“Okay, Jason, but did you see anyone around my desk?”
“I couldn't see much of anything. I had my head back and a rag full of snow on my nose. The only person I heard was Mr. Haskins and he was just finishing up scraping the frost off the windows.”
That night at supper Simon's dad said, “What's the matter, Simon? Usually you're chattering your head off, is something bothering you?”
Simon sat with his head down for a moment, then, with tears running down his cheeks confessed, “Oh, Papa, don't be mad, but I lost the slate you made me.”
“Simon, I'm not angry. Come here and tell me how you lost it, did you leave it somewhere?” He gathered Simon on his lap as Simon related the day. Afterwards he said, “Don't worry, Simon, if it doesn't show up I'll have one of the men bring me a new piece from the mine when they hit some good slate. I'll make you an even better one.” Simon was relieved a little but was still upset because he couldn't figure out where his prized slate could have gone.
The next morning Simon was at school even before Miss Niven arrived, but waited for her. He didn't want to approach Mr. Haskins by himself. The old gent had a reputation amongst the kids as being a bit of a grouch. When Miss Niven arrived they went to Mr. Haskins and Miss Niven asked, “Mr Haskins, did you see a slate yesterday that was in a frame? It seems one has gone missing during morning recess.”
“No Ma'am, I was scraping the windows and picking up some trash that the children had left about before recess. I waited for recess so that I didn't disturb class. I left before recess was over, but I'm sure I would have noticed a slate in a frame, that would be mighty unusual.”
“Well, thank you, Sir. Say thank you to Mr. Haskins, Simon.”
“Thank you, Mr Haskins. If you do find it, please keep it for me, my papa made it for me.”
“I certainly will, Simon. Your papa must love you very much.”
Miss Niven said, “I'm sure it's just misplaced somewhere, Simon and will turn up. You'll need a slate for school today so select one from the slates by my desk.”
Simon went to the pile of slates. They were kept there for children that didn't have their own or if someone had forgotten theirs at home. Paper was too valuable to be used for everyday work. It was only used for compositions or tests that would be handed in to Miss Niven. Slates and chalk were used for normal arithmetic and spelling. Most of these slates were very grainy, not like the one that Simon had. His had been smooth and could be easily erased. Some of them were not even rectangular, just uneven as they had come from the mine.
Simon picked through them and found one that was smooth but had jagged edges on two sides. This would do. He put in in his desk.
That afternoon, close to school being over for the day, Miss Niven gave a spelling test. She would pronounce a word and they would write in on their slate. After she had given all the words she would print them on her large, wall hung slate and the children would compare their spelling to hers. When the test was done Simon erased the slate and started to put it away. He saw the back of it for the first time. There, neatly printed were the words,”If the multiplier or the multiplic....” and there it ended at one of the jagged edges. He recognized the printing, it was his.
As soon as school was over he approached Miss Niven and showed her what he'd found. “Miss Niven, this is part of my slate, I remember starting to write this when the bell rang for recess, but now it's broken.”
“Oh, Simon, are you sure? Yes, I recognize your fine printing, I guess you're right. I'm sorry, Simon. At least we know what happened, just not how it happened. Maybe we never will.”
“I'll tell Papa tonight. He's the smartest person I know, maybe he will figure it out.”
After supper Simon did tell his papa. Papa said, “Alright Simon, let's see if we can figure it out. When was the last time you saw your slate?”
“I was writing on it when the recess bell rang, so I put it away.”
“Where did you put it? Did you put it in your desk?”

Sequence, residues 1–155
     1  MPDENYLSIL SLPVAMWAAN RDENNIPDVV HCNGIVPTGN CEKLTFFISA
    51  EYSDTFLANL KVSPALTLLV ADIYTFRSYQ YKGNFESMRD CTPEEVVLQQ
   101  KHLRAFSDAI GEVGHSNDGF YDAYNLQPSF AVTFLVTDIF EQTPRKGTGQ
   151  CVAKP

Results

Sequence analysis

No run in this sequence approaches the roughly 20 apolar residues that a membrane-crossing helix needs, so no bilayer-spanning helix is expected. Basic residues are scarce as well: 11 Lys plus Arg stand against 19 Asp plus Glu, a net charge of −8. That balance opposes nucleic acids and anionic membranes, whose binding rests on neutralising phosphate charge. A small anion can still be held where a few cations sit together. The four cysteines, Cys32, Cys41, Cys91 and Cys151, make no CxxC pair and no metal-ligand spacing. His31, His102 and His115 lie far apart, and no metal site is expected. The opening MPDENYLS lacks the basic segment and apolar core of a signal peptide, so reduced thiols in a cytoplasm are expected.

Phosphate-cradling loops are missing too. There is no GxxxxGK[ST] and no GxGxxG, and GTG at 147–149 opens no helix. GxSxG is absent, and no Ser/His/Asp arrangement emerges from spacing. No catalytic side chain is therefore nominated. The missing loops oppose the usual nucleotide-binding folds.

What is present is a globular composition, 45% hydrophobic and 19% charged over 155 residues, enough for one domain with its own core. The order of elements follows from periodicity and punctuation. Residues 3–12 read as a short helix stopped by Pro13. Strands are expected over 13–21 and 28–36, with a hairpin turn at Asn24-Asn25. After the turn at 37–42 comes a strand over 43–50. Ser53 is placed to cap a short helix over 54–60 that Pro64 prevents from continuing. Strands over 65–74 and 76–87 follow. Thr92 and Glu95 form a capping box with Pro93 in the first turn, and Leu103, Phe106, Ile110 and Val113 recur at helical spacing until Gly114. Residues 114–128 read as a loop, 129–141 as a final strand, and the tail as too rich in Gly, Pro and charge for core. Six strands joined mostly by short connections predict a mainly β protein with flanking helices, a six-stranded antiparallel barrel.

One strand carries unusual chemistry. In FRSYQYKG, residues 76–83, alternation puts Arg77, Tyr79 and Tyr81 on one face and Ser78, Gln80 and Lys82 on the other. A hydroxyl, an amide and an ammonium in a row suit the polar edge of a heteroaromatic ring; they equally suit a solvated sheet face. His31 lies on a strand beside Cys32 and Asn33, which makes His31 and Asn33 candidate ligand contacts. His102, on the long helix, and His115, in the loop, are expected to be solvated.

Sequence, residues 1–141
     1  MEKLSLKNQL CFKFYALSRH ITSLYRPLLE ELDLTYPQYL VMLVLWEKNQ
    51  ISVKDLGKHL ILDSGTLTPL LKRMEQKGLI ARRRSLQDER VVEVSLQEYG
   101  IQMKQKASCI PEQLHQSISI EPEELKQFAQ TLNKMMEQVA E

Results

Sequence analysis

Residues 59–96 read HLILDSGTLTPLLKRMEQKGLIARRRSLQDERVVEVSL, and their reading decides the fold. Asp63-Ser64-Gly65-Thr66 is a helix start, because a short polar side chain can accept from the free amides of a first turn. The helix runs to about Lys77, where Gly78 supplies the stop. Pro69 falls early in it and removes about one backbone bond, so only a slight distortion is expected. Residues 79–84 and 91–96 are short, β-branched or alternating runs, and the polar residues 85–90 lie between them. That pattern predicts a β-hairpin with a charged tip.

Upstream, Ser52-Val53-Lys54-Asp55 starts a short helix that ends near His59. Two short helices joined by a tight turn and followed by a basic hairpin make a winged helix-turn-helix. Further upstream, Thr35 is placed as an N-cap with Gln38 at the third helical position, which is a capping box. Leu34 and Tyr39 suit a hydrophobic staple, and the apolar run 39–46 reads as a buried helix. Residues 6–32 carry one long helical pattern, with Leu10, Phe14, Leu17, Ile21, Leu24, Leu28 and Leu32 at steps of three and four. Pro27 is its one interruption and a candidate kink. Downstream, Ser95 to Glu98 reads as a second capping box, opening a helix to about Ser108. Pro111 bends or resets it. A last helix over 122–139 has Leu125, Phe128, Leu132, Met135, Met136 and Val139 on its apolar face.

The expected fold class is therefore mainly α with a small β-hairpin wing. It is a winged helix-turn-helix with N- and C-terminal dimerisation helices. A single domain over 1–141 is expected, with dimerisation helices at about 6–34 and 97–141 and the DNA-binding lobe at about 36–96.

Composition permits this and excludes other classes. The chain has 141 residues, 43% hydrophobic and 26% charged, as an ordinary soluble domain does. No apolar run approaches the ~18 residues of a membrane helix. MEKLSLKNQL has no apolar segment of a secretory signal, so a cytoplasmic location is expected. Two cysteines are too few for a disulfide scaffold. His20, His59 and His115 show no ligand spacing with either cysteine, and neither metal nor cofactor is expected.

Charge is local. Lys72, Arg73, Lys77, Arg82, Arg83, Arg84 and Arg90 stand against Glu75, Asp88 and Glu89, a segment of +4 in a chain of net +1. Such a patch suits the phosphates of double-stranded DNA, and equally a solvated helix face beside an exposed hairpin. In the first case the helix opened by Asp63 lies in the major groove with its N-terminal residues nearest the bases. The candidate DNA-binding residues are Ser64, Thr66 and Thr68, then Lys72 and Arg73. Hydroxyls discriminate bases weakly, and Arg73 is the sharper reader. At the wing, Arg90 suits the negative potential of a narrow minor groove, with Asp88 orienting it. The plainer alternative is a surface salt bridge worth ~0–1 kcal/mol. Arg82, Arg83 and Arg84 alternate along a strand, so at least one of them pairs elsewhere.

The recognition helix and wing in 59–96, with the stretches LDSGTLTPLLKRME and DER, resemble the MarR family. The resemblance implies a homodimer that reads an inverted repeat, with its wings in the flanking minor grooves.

Simon thought very hard, then answered, “No, Papa, I'm sorry, I should have, but I put it on the desk top.”
“That was careless, Simon. You have to learn to take care of your things.”
“I know, don't be mad, Papa, I'll try to do better.”
“I'm not angry, Simon, but I am disappointed, you know better.”
“I'll try real hard.”
“Alright, but we still don't know how it was broken. Do you have any ideas, Simon?”
“No Papa, but I'll think real hard about it.”
The next day at school Miss Niven told the class that the broken slate had been found and asked if anyone knew anything about it, but there were no answers.
At lunch time Jason took Simon to the side and said, “I didn't see anything because Miss Niven told me to hold my head back after our fight and I could hardly see where I was going when I came into the school with that snowy rag on my nose. I do remember that when I was going to my desk I kicked something on the way. I almost tripped and fell. Could that have been your slate?”
“I don't see how, Jason, I left in on my desk, but thanks for trying to help.” Just then the ground shook as an explosion was set off in the mine deep below them. Neither boy gave it a thought, it was such a common occurrence. Even the school bell gave a small ding as it swayed in the belfry.
That afternoon another blast set the school shaking a bit. The children, as usual, put their arms atop whatever they had on their desktop to keep it from falling off. Simon's face lit up. He went to Miss Niven's desk and asked her if he could take another slate from the stack.
“Why do you need another slate, Simon, isn't the one you're using alright?”
“Sure, Miss Niven. I just want to try something, I won't hurt it.”
“Very well, but take one of the rougher ones that no one would try to use anyway.”
“Thank you, Miss Niven.”
Simon had to wait two days before another explosion went off one early morning while he was sitting at his desk. He started to cover his desktop, but didn't cover the other slate that he had put where he had set his slate the day it went missing. Sure enough, the trembling of the school dislodged the slate and it fell to the floor. Eureka! Simon now knew what had happened. He waved his hand in the air until Miss Niven said, “Did you want to say something, Simon?”
“Yes Ma'am. I think I know what happened to my slate. I set it on my desktop and an explosion shook it off and it broke. When Jason came in he couldn't see it but he kicked it to the back of the room. Mr. Haskins probably saw some broken slate, which he sees a lot, and put the pieces on the stack. The oak frame pieces, being broken, probably ended in the kindling for the stove. I think that's what happened.”
Mr. Haskins was in the back of the room and said, “I think I did pick up some broken slate and wood that morning. I never associated it to Simon's slate. You never know what the boys and girls will bring into school and leave laying around.”
The class applauded and Miss Niven said, “Good for you, Simon, you thought it all out. I'm proud of you and I'm sure your papa will be too.”
When Simon went home that night and told his papa he was rewarded with a huge hug and a brand new slate.